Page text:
The Gomboc is the physical realization of a mathematical theorem: that a “mono-monostatic” object — one that has a single stable point of equilibrium, or balance — must exist. And so it does. No matter how you orient it, the Gomboc always rights itself, a bit like turtles and beetles.
Gomboc, € 1,000, by Gabor Domokos and Peter Varkonyi
Read the entire article at New York Times
Tray, Year: 60´s, Size: h.5cm/2″ d.53cm/20.9″ w.69cm/27.2″, Price: On request, by Jens Quistgaard, at Jackson’s
The Farnsworth House, designed by Ludwig Mies van der Rohe in 1946 for his client, Dr Edith Farnsworth, is seminal. It asserted America as the pre-eminent home of modernism after the war. It also reduced (for the first time) the idea of a dwelling to its skeletal minimal.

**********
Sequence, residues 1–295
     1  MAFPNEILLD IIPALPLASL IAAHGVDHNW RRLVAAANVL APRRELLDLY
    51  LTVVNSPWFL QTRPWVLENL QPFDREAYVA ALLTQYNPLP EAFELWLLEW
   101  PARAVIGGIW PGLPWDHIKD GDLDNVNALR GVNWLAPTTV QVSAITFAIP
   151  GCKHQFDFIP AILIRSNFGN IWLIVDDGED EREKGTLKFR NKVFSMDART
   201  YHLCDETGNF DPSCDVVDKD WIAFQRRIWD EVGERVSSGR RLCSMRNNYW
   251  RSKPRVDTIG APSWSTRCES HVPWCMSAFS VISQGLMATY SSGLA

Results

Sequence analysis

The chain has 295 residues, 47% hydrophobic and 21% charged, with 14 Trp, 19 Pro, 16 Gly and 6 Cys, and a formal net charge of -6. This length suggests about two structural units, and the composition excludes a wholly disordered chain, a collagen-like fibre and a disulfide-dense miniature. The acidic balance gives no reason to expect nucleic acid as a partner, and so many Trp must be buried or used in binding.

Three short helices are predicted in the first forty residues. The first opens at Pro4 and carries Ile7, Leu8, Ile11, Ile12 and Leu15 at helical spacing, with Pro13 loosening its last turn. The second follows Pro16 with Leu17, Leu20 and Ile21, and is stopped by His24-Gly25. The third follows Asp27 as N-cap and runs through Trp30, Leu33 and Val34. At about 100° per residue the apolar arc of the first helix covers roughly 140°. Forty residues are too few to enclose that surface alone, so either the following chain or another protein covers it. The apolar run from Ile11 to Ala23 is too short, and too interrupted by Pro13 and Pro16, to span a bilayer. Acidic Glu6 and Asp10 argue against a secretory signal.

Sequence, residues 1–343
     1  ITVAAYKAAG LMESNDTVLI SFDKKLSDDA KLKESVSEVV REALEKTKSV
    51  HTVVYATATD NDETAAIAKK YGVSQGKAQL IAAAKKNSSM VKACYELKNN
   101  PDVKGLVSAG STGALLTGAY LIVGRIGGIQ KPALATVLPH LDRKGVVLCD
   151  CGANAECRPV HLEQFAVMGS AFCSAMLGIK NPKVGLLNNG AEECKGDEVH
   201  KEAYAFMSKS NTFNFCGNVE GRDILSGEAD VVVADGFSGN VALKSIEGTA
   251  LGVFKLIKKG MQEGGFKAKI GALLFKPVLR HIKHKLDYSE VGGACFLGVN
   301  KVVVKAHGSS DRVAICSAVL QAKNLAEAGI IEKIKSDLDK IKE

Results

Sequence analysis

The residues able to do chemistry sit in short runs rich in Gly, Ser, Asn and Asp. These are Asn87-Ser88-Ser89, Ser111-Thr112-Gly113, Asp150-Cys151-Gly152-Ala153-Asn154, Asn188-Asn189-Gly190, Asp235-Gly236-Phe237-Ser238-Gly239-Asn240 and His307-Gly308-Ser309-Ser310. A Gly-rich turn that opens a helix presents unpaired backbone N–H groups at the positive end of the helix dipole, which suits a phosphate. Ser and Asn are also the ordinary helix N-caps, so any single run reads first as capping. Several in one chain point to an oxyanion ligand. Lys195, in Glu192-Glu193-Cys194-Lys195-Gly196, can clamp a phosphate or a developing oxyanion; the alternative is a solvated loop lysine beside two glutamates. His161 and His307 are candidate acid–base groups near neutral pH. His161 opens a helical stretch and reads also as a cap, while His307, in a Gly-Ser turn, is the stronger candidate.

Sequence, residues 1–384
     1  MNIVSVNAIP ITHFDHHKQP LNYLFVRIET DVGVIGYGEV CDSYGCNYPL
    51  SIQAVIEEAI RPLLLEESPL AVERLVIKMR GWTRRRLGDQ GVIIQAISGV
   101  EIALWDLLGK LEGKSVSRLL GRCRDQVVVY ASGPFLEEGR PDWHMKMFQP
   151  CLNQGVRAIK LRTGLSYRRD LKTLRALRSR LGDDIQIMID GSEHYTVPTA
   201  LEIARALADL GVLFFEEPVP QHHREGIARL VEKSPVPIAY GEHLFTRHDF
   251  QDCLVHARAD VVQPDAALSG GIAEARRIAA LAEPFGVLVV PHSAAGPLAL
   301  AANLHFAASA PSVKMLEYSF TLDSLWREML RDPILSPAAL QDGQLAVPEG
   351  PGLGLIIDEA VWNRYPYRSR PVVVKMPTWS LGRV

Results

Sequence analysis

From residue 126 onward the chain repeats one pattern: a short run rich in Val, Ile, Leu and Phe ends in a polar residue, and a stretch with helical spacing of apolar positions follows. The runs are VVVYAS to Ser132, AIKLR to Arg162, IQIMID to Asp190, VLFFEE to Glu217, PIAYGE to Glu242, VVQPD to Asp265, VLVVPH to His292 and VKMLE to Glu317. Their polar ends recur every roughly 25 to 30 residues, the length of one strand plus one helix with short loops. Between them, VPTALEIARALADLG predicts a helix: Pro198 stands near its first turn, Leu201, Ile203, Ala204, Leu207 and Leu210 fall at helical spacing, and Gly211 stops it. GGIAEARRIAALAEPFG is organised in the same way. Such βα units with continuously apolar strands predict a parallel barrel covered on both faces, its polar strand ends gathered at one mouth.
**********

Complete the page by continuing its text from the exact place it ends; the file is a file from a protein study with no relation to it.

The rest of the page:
Farnsworth House, Plano, Illinois USA by Ludwig Mies van der Rohe
+ Farnsworth House National Historic Site
Buy the Book: Mies van der Rohe: A Critical Biography
Stella Tile – created by specifically for the Stella McCartney boutique, by Universaldesignstudio
Set to be the tallest building in Latin America in 2010
Orre Bicentenario, Mexico City, by OMA
Gordon Bunshaft. (American, 1909-1990) and Skidmore Owings & Merrill. Lever House, New York, New York. 1950-52. Paper, wood, plastic, plexiglass, metal, aluminum and paint.
Permanent Collection MoMA
Danish architect Finn Juhl (1912–1989) is regarded as one of the greatest furniture designers of the 20th century. He was a pioneer figure within Danish furniture design and the Danish Modern movement, along with Hans Wegner, Arne Jacobsen, Poul Kjærholm, and Børge Mogensen.
The house, now open to the public was designed and built by Finn Juhl as a young architect in 1942, is a unique example of Danish modernism for both architecture, furniture design and the visual arts.
Home of Finn Juhl, Ordrup, Denmark, through 31 August, 2008